Middle East Eye / May 28, 2020
Now more than ever, we must reunify the Palestinian struggle to build a comprehensive national strategy free from the shackles of Oslo.
This month’s Knesset vote to approve the new Israeli government ended a year and a half of political crisis, even if temporarily.
The new government is the largest in Israel’s history, with 36 ministers and 16 deputy ministers. Artificial ministries were invented to quench the thirst for power of Likud and Blue and White party leaders, while the prime minister’s seat will be rotational, with Benjamin Netanyahu serving for the first 18 months, followed by Benny Gantz for the same period.
The new government is equally split between the two parties, but in reality, Netanyahu remains dominant. And despite the overt commitment, it is likely that he will not implement the rotation arrangement, finding a pretext to cling to power and head into a fourth election in a manner that suits him.
‘Worship the leader’
Netanyahu returned as prime minister after three heated electoral battles during which he was unable to obtain a majority to form a government. What enabled him this time around was Gantz’s withdrawal from previous promises he had made to not participate in a government headed by someone charged with corruption.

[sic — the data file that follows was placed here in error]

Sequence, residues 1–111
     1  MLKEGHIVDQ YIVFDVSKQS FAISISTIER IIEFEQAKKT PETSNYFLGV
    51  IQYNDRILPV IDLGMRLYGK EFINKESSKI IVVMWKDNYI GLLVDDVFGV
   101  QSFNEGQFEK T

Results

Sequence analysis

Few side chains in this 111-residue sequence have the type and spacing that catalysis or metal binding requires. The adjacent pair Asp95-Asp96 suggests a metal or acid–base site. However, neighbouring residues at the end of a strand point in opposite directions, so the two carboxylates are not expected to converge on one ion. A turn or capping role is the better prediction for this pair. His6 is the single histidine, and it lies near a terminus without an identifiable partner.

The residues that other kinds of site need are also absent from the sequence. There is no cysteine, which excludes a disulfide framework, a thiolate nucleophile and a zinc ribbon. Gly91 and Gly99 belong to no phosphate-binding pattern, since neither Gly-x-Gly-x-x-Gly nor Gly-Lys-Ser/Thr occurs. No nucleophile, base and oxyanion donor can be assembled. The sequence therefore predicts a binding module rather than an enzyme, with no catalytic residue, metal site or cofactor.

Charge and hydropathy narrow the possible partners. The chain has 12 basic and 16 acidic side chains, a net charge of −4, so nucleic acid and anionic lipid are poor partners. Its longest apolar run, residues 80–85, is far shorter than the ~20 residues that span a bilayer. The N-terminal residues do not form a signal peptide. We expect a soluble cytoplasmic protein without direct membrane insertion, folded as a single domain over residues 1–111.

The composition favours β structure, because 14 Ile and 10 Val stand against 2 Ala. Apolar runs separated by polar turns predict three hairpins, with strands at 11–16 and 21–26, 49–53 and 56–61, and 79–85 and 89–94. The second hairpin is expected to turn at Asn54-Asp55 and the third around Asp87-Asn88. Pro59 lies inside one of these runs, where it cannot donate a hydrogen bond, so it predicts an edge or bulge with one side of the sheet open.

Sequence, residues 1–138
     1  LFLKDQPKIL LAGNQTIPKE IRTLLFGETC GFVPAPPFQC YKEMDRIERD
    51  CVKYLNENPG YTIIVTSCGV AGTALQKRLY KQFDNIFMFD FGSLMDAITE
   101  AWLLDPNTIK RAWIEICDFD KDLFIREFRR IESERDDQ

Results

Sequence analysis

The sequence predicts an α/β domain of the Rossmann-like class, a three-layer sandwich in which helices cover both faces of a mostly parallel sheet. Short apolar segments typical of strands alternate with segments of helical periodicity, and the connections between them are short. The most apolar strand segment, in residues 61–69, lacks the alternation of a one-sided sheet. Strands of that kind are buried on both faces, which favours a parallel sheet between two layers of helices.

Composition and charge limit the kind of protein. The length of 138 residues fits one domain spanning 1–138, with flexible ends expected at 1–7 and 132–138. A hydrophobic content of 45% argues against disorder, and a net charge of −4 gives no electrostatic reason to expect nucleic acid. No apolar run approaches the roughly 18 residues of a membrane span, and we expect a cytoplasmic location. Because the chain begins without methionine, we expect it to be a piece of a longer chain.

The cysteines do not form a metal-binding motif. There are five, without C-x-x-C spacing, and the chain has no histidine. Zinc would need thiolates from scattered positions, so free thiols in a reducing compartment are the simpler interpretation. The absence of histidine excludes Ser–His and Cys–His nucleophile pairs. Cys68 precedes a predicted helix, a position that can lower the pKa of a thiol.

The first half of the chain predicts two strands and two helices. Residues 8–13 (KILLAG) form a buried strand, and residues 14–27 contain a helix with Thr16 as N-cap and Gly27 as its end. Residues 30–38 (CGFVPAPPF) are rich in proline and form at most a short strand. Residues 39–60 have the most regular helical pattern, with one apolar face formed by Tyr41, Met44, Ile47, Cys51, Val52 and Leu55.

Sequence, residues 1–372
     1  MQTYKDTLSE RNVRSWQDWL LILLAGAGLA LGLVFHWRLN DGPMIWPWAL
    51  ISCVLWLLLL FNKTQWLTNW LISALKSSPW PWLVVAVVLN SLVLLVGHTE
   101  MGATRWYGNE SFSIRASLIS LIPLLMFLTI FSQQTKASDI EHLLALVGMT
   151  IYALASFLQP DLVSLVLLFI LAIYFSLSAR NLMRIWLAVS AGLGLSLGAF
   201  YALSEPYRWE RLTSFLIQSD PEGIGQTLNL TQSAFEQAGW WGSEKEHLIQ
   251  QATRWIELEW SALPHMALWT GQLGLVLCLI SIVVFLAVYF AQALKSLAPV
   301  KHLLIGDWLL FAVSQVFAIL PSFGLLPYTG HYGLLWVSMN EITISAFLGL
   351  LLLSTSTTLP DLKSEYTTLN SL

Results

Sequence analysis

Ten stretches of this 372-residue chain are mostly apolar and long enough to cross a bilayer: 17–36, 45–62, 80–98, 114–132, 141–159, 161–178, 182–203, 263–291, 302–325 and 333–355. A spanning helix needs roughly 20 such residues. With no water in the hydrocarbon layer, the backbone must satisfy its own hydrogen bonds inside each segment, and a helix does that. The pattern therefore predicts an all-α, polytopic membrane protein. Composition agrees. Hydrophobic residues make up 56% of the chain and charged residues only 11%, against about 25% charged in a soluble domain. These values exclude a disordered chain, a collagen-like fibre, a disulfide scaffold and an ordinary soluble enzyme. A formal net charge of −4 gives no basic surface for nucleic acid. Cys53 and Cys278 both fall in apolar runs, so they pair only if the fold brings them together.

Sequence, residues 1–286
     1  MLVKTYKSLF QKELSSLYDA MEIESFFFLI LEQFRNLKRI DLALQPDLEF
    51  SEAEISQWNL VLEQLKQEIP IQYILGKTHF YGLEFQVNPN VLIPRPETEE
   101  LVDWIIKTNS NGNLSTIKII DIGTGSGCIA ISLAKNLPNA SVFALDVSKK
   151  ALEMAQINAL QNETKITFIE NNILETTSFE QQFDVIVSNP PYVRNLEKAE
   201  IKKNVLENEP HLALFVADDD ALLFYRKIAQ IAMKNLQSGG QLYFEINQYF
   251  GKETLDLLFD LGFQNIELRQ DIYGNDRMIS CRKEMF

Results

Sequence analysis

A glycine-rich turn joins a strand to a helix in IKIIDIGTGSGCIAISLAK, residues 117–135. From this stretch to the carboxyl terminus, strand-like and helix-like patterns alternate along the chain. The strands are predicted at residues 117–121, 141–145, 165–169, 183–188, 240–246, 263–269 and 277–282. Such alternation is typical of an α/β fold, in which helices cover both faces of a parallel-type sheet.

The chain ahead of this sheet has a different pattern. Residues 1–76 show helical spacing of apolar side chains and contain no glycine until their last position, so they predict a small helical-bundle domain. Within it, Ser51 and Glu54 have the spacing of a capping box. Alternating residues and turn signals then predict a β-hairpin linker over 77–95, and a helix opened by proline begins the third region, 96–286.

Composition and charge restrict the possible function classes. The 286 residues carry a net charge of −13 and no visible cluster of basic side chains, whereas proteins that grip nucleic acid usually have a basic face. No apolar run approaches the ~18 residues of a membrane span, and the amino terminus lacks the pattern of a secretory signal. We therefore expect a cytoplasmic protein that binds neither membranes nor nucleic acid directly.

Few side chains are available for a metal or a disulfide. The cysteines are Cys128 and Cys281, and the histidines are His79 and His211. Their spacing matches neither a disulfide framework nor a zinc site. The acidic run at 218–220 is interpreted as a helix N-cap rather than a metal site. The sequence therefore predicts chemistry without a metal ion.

Gantz justified this by stressing the importance of confronting a health and economic crisis amid the coronavirus pandemic, noting that Israel could not afford an ongoing political crisis.
In the government-formation process, Netanyahu fragmented ministries and broke up political parties and blocs, dividing them between those who joined the coalition and those remaining in opposition. Likud, however, has remained coherent – an advantageous position, as Netanyahu is the undisputed leader, and no one dares criticise him.
What has developed in recent years in this party is the concept of “worship the leader”, no matter what he does or says – to the point that he can even withstand a series of corruption charges. Those who have tried to compete with Netanyahu have found themselves excluded or marginalised. Important figures such as Gideon Saar, Gilad Erdan (who was pushed to a dual ambassadorship) and Avi Dichter, among others, have been punted outside the inner circle, replaced by less capable politicians willing to serve Netanyahu.